The Hoplite



















Well trained and armed with a short sword and eight foot long thrusting spear as well as armored with bronze helmet, shield, greaves and a cuirass of bronze, linen or leather, the hoplite was the ultimate Greek warrior from the 5th to 4th centuries BCE.

Monday, May 14, 2012

The Privateer

Privateers were privately owned ships that were equipped and crewed at private expense but were given official government licence to attack, raid and harass the enemies of said government in time of war. Privateers were de-facto legal pirates that were supposed to be treated a legitimate combatants if captured.File:Lettre-de-marque2.png
Privateers achieved their authority through the "Letter of Marque." The letter of Marque was a government commission and permission to a private citizen to build their own warships. The use these warships was to gain "prizes" (captured enemy ships and their cargo) that would be sold in friendly ports.  The government received up to twenty-five percent of the profit gained by the privateer from these auctions.  This greatly added to the number of ships available to wage war upon an enemy for virtually no cost to the government.
File:NPG Drake.jpg
The most famous privateer was Sir Francis Drake, sailing the Golden Hind, he became the first Englishman to sail around the globe (1577-79).  In his attacks upon Spanish shipping on that voyage he brought home a treasure reported to be worth more than the entire yearly expenditures of the English Government (the capture of the Nuestra Señora de la Concepción  alone netted more than 15 million dollars in today's money in gold, silver and jewels). His backers earned a 4700% return on the money they invested in his ships and crew for this epic voyage. He so angered the Spanish through his successful raids that they offered a 20,000 ducat reward for his capture (over 7 million dollars). It was never collected.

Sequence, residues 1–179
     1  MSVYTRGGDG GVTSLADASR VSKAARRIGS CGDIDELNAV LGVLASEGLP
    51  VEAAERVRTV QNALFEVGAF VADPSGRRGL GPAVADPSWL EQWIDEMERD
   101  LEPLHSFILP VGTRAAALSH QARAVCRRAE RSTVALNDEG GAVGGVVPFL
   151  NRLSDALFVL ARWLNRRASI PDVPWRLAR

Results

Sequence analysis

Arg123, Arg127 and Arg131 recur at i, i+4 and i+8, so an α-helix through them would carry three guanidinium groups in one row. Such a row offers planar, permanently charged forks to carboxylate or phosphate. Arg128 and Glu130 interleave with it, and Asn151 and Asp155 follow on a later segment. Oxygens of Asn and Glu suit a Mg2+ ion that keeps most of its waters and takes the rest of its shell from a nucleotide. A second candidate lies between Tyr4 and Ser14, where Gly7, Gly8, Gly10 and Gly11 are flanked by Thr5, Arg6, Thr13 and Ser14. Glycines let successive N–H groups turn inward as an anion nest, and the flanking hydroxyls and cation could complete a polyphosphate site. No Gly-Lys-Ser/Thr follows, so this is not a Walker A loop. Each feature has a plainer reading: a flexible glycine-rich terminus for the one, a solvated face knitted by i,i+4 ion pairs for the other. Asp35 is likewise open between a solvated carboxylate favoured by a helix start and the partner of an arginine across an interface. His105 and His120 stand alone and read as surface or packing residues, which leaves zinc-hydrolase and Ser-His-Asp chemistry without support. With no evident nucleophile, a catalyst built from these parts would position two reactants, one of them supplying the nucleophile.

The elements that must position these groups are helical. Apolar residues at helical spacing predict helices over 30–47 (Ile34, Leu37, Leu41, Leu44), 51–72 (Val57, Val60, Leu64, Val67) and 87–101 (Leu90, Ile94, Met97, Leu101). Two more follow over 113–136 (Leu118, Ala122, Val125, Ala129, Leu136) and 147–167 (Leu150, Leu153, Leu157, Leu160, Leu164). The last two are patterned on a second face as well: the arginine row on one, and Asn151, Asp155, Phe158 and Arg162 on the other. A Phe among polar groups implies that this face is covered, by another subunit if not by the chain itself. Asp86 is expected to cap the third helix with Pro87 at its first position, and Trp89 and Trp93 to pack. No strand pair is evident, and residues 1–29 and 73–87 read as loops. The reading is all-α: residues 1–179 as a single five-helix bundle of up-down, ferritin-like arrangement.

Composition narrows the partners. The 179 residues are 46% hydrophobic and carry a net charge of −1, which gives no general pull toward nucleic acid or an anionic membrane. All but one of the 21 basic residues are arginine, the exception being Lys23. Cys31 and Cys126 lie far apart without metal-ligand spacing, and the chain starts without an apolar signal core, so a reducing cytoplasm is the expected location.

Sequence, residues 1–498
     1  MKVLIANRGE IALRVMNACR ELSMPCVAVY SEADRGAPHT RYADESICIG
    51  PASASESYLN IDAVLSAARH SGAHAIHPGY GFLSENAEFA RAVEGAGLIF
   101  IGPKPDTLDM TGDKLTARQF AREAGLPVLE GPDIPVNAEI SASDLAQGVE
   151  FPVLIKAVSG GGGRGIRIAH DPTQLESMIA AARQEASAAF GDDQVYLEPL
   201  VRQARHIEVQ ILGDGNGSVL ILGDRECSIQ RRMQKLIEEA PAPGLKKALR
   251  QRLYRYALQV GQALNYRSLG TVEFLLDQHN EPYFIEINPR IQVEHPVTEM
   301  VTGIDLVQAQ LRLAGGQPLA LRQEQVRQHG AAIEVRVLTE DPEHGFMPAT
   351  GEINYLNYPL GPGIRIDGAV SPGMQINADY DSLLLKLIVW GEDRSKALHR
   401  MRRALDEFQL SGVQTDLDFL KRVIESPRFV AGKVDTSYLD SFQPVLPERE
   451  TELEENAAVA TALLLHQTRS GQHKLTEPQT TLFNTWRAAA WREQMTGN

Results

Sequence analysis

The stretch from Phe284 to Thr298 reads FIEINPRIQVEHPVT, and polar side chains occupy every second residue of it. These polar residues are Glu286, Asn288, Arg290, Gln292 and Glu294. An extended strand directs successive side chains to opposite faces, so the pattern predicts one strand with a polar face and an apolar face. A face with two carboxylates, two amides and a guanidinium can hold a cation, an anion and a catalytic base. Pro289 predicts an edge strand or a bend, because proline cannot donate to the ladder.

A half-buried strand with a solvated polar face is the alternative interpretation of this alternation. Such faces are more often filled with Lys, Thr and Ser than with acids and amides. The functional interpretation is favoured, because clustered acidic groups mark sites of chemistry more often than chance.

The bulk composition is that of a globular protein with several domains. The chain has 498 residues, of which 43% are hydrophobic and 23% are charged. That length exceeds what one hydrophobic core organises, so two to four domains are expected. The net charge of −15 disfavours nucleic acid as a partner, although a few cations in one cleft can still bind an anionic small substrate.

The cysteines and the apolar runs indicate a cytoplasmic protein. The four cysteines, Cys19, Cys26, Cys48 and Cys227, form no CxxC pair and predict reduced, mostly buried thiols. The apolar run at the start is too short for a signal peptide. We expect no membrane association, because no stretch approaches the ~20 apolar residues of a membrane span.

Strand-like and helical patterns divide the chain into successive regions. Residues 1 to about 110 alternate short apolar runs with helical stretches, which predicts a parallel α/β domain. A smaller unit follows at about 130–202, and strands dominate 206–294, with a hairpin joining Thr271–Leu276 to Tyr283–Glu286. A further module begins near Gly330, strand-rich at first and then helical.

File:Confaince Kent fight.jpg
Merchant ships were large, slow targets for the smaller and faster privateers who preferred to capture rather than destroy these valuable targets.  The lure of easy pickings brought many a privateer to sea during major conflicts (more than 1200 Letters of Marque were issued by the Americans during the Revolution alone).
File:Chasseur vs St Lawrence.jpg
Privateers tried to avoid battle with warships as the latter were usually better armed and carried little cargo of value. But occasionally the warships caught up with the privateers as in this action between the American Chasseur vs HMS St. Lawrence in the War of 1812.  The American won, an unusual occurrence for privateers.
File:Privateer Savannah.jpg
Privateers came in all sizes, brigs and sloops were the most common but they could be small as this Confederate privateer during the American Civil War demonstrates.  The American Civil War was the last major action by privateers, the Industrial Revolution, improvement's in Naval technology and communications reduced the need and increased the risk to the point that privateering was no longer profitable.  Future wars would see more deadly ships and subsurface vessels whose goal would be to destroy, not capture enemy commerce.  The age of legal piracy was over.

Friday, May 11, 2012

The Aztec Warrior

From the common conscript soldier to the elite "knights" of the Jaguar and Eagle Warriors, the Aztec Army was a brave confident force that had only known victory for over a century of conflicts-until the arrival of the Spanish in 1519.
File:Jaguar warrior.jpg
This Jaguar Warrior clearly illustrates the two pieces of equipment most commonly used by Aztec warriors, the small shield and the stone edged wooden Maquahuitl sword.
File:Codex Mendoza folio 67r bottom.jpg
Commanders with standards from the Codex Mendoza. Note the elaborate costumes, use of feathers and the razor sharp stone tipped tepoztopilli spears (usually five and an half feet long) of the officers.